Capsaicin cream is sold as a pain reliever for arthritis and PHN. Drs. Kanazi, Johnson and Dworkin stated, in their article, that capsaicin cream "continues to play a minor role in the treatment of patients with PHN. Compliance…is low because of the intense burning after application, which may, however, lessen with time." 1 These authors also reported a recent review concluded there is no evidence of significant improvement following capsaicin treatment. 1,5

 

Chickenpox

(22) What is chickenpox?

Chickenpox is a very contagious disease primarily affecting children. It is caused by the varicella-zoster virus (VZV).

(23) Can chickenpox be prevented?

Yes. In March 1995, the U.S. Food and Drug Administration (FDA) approved the country’s first chickenpox vaccine.

(24) Why should chickenpox be prevented?

Chickenpox is not simply a mild childhood illness, but, rather, a potentially serious infection. While its most common complications are bacterial skin infections, other complications include inflammation of the brain (encephalitis) or pneumonia, although these are rare in otherwise healthy people. According to the Centers for Disease Control and Prevention (CDC), each year, in the U.S. alone, chickenpox complications result in the estimated hospitalization of 11,000 individuals—the majority of whom were otherwise healthy—and 105 deaths—the majority of whom are children.

(25) Is the chickenpox vaccine safe and effective?

Experience and research to date have shown the vaccine to be safe and effective. A five-year, active surveillance study of varicella incidence and hospitalization conducted between 1995 and 1999 at three sites by the CDC reported an 80 percent reduction in varicella incidence, with the greatest decline among children one-to-four years of age.

 

 

  • Scientific articles covering other topical agents: 1,5,6,7

(B) Oral Medications

Antidepressants
In their article, Drs. Kanazi, Johnson and Dworkin stated that tricyclic antidepressants (TCA) are the only type of antidepressants—drugs that are used to treat depression—that have been shown to be effective in managing the pain of PHN. 1 According to these authors, the TCAs include nortriptyline (e.g. Pamelor), which has been found to have a significant analgesic effect in treating PHN pain, and has "fewer (adverse) side effects than amitriptyline, (the TCA which) has been the most widely used antidepressant in the treatment of PHN." 1,8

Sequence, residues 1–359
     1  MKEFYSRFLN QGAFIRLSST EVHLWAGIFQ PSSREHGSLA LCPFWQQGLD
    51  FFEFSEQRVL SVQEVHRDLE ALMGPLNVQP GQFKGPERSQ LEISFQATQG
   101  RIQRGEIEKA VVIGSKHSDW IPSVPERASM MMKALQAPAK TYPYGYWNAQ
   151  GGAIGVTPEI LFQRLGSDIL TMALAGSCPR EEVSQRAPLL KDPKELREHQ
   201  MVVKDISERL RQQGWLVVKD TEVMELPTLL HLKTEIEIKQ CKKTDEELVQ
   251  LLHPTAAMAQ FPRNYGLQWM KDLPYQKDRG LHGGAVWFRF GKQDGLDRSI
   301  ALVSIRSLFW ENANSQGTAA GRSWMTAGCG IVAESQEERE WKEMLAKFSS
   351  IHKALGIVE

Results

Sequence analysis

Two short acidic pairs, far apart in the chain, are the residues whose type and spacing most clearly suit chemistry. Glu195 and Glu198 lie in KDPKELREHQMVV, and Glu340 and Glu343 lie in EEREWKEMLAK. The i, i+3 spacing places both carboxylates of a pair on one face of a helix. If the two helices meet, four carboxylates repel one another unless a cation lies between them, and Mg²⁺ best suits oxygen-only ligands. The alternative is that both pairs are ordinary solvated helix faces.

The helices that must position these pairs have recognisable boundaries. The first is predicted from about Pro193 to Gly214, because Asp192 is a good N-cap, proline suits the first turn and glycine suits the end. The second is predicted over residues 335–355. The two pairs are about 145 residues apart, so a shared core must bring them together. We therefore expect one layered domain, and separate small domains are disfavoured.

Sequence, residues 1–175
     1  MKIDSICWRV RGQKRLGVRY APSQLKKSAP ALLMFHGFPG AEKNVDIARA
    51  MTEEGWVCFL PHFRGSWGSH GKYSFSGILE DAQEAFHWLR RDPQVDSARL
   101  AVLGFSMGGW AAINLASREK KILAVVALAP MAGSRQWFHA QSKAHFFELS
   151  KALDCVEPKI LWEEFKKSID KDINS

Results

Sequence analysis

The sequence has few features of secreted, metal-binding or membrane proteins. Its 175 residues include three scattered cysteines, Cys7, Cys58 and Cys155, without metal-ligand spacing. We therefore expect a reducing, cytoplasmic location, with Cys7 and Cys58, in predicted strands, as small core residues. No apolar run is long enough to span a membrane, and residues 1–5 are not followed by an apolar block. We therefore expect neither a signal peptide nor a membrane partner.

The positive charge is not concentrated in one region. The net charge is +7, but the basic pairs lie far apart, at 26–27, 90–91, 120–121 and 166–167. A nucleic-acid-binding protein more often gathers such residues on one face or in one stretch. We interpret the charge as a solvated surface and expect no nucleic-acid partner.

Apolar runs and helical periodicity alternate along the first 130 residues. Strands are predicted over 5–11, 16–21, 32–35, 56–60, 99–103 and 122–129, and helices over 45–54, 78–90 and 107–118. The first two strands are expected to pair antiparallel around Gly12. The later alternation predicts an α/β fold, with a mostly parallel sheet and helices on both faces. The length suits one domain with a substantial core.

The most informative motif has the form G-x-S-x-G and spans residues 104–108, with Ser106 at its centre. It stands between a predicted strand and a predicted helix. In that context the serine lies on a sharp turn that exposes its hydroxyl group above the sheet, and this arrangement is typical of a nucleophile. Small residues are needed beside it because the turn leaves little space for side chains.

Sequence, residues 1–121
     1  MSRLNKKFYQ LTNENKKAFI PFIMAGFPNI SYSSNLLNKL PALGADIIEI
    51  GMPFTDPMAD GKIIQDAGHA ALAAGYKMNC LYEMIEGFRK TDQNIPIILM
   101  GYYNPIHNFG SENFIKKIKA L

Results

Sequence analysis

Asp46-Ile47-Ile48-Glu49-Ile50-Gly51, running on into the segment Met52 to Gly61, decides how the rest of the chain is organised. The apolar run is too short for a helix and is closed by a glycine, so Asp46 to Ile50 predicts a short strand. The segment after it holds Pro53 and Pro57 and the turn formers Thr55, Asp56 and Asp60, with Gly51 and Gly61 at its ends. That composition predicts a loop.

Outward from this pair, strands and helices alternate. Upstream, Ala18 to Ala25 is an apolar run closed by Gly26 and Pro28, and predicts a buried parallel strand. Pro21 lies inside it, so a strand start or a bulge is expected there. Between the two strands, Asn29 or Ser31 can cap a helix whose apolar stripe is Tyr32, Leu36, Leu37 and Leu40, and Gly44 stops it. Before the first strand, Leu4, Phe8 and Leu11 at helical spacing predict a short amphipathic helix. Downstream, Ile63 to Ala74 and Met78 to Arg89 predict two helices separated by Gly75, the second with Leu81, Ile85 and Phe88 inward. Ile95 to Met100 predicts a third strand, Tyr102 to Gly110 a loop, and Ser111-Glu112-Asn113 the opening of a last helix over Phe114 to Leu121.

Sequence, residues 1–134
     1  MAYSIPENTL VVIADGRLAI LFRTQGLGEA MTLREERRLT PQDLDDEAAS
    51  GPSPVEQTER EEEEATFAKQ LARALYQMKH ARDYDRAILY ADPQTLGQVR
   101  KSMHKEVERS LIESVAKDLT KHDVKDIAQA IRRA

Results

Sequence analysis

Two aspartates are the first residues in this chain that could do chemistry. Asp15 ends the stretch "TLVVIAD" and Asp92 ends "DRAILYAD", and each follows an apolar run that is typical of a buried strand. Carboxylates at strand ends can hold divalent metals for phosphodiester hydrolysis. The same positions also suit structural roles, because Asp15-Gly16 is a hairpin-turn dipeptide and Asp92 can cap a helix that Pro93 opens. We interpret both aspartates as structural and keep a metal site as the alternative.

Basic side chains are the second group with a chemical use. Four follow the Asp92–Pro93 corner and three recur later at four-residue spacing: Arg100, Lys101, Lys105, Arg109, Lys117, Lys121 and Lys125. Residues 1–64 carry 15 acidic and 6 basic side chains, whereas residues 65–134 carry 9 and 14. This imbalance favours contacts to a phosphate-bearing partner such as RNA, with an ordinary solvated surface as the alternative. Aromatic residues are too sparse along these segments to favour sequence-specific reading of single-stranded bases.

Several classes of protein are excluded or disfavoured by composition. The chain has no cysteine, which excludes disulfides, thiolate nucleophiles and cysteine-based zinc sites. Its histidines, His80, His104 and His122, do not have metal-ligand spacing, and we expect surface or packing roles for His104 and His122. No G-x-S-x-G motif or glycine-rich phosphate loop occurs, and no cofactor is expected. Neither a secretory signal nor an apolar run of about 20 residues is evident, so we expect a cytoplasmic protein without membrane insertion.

• Scientific articles covering other antidepressants: 1,9,10,11

Anticonvulsants
Anticonvulsants, which were originally designed to prevent seizures in patients with epilepsy, include gabapentin (Neurontin). Drs. Kanazi, Johnson and Dworkin make reference, in their article, to a study that found gabapentin "significantly reduced (PHN) pain" and resulted in "improvements in sleep, mood and quality of life." 1,12

  • Scientific articles covering other anticonvulsants: 1,13,14

Analgesics
The article by Drs. Kanazi, Johnson and Dworkin notes the controlled-release opioid analgesics include controlled-release oxycodone (OxyContin), which, a study found, provides "significantly greater (PHN) pain relief, reduction of allodynia, decreased disability…than patients receiving placebo." 1,15

  • Scientific articles covering other analgesics: 1,16

Ketamine and N-methyl-D-aspartate (NMDA) Receptor Antagonists
In their article, Drs. Kanazi, Johnson and Dworkin reported recent studies have shown NMDA receptor antagonists provide some pain relief, but some may have adverse effects. 1,17,18,19,20

(B) Nerve Blocks

The article by Drs. Kanazi, Johnson and Dworkin cites a review of several studies, which found "the use of sympathetic nerve blocks…may be effective in relieving pain during acute shingles, (however) these blocks do not appear to provide prolonged relief in patients with longstanding PHN. (Therefore) it has been suggested their use be limited to special occasions where short-term relief is an important treatment goal." 1,21

II. Physical Treatments

In their article, Drs. Kanazi, Johnson and Dworkin note the use of natural fiber clothing, rather than artificial fibers, may help reduce the skin sensitivity (allodynia) often caused by PHN. 1 The authors report that: Transcutaneous Electrical Nerve Stimulation (TENS) has been "occasionally helpful" 1,22, but one study reported no benefit. 1,23; ultrasound "has a poor record in a few small series of patients with PHN" 1,24,25; and Acupuncture "…seems to provide little benefit in PHN." 1,26 The authors also state that cold packs "often provide short term relief and are always worth trying." 1

III. Psychosocial Interventions

Drs. Kenai, Johnson and Working write, in their article, that cognitive-behavioral therapy, "…Including such specific interventions as relaxation training, biofeedback and hypnosis, has a well-established role in the treatment of patients with chronic pain. 1,27,28 Although no studies have been reported that have specifically examined this…treatment (for) PHN, there is no reason to doubt cognitive-behavioral therapy provides as significant a benefit in PHN as it does in…other chronic pain syndromes…studied." 1